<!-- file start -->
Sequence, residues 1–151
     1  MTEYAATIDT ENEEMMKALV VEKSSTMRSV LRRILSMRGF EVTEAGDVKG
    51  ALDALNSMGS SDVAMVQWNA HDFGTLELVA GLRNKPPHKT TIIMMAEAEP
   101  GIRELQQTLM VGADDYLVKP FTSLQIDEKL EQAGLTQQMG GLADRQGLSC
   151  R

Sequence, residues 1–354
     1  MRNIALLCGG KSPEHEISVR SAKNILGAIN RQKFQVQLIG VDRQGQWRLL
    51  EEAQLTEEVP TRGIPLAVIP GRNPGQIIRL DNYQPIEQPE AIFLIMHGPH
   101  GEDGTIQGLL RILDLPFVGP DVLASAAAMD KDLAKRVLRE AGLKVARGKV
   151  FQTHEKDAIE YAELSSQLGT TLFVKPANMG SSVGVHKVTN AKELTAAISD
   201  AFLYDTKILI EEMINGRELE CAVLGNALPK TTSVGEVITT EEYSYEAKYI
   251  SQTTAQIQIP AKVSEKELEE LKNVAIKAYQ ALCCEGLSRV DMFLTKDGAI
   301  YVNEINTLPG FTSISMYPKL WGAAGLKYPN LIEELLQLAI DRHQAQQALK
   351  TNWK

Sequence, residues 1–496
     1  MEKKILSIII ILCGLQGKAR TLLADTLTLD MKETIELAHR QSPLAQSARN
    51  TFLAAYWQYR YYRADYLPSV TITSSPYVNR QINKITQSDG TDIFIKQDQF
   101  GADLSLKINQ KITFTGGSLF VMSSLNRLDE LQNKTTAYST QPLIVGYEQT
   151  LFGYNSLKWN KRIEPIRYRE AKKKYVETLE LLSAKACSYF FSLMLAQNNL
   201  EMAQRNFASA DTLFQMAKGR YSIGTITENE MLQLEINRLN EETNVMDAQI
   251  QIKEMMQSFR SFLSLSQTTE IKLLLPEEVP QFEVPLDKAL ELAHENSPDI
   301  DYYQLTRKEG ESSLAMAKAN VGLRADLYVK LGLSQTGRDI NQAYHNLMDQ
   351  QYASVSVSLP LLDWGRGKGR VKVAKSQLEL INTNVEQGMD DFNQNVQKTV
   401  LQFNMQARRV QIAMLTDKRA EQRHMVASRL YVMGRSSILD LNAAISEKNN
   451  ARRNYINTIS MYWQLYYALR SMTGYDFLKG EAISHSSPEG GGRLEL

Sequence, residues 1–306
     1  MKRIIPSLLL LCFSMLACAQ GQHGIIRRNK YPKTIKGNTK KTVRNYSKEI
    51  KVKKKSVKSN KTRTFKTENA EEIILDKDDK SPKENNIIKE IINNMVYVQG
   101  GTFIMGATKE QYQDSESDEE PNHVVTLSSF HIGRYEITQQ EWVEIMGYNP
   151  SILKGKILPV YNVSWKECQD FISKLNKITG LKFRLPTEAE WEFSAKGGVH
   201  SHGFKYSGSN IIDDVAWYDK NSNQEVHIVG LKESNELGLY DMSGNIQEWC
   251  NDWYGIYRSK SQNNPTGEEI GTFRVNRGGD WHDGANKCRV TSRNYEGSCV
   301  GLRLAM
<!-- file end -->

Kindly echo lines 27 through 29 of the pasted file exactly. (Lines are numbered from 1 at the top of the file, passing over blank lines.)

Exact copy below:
     1  MKRIIPSLLL LCFSMLACAQ GQHGIIRRNK YPKTIKGNTK KTVRNYSKEI
    51  KVKKKSVKSN KTRTFKTENA EEIILDKDDK SPKENNIIKE IINNMVYVQG
   101  GTFIMGATKE QYQDSESDEE PNHVVTLSSF HIGRYEITQQ EWVEIMGYNP